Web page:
The coming of medical martyrdom

By Wesley Smith

Wesley Smith

Wesley Smith

Doctors don’t take the Hippocratic Oath anymore, and haven’t for several decades. The oath’s ethical proscriptions against participating in abortion and assisted suicide cut against the contemporary moral grain, leading medical schools to dumb it down or dispose of it altogether in order to comport with modern sensibilities. Still, despite abortion’s ubiquitous legality and the accelerating push to normalize assisted suicide, space remains for dissenting doctors to practice their art in the traditional Hippocratic manner.

But that space is diminishing. Today, “patient rights” are paramount; the competent customer is always right and, hence, held to be entitled to virtually any legal procedure from “service providers” for which payment can be made—be it abortion, assisted suicide, or, someday perhaps, embryonic stem cell therapies and products made from cloned and aborted human fetuses.

Hippocratic-believing professionals, such as faithful Catholics and Muslims, are increasingly being pressured to practice medicine without regard to their personal faith or conscience beliefs. This moral intolerance is slowly being imbedded into law. Victoria, Australia, for example, legally requires all doctors to perform—or be complicit in—abortions: If a patient requests a legal termination and the doctor has moral qualms, he is required to refer her to a colleague who will do the deed.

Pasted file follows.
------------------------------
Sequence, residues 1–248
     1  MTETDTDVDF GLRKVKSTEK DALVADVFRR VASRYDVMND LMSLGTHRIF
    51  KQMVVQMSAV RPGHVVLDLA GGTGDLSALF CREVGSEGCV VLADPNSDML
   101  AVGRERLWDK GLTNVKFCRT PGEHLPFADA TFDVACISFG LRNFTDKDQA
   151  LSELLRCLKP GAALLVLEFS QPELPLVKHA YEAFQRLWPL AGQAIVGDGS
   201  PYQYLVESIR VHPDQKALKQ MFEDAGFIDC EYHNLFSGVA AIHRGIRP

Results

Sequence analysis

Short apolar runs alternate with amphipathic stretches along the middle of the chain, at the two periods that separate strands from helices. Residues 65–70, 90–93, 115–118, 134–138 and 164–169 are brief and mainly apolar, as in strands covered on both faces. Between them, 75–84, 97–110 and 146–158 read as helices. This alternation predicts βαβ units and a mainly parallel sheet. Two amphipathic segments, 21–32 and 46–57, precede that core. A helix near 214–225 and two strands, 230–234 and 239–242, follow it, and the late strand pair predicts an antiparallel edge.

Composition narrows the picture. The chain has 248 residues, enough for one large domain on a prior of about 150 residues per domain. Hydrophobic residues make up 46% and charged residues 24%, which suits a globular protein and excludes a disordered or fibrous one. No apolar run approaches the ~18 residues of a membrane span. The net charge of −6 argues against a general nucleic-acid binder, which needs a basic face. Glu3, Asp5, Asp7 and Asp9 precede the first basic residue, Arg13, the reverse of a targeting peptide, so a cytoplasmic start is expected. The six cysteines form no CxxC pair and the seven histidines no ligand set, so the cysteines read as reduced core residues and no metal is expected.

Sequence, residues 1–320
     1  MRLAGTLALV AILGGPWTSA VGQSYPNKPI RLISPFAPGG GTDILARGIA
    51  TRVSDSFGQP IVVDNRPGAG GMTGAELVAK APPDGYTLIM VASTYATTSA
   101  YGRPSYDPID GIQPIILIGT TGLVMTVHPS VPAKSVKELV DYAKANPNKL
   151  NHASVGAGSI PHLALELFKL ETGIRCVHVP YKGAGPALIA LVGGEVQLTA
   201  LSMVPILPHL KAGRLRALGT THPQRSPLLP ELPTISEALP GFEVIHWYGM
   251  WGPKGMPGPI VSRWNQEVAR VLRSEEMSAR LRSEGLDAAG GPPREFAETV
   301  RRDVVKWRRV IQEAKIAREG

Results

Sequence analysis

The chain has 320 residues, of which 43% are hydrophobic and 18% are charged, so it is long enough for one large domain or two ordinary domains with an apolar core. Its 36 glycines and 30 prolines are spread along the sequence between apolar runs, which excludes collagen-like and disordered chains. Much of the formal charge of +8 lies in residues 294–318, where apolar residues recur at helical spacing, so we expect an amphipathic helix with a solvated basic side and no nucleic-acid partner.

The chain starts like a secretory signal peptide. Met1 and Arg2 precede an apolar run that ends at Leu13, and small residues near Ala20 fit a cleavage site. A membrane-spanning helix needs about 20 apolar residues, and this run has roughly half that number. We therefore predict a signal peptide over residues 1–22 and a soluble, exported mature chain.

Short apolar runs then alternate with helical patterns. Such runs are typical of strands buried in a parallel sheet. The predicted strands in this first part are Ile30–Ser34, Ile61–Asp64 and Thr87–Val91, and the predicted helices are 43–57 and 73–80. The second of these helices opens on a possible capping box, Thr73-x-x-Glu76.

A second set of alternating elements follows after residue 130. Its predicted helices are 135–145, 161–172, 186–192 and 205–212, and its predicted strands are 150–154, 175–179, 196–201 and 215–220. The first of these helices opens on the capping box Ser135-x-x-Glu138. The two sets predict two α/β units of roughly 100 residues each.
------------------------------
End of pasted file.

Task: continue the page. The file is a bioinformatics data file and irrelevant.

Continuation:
Such laws are a prescription for medical martyrdom, by which I mean doctors being forced to choose between adhering to their faith or moral code and remaining in their profession. Some have already suffered for their beliefs. During a speaking tour of Australia in 2010, I met doctors who had moved from their homes in Victoria to escape the abortion imposition. I asked them what they would do if Victoria’s law were to go national. “Quit medicine,” they all said, or move to another country.

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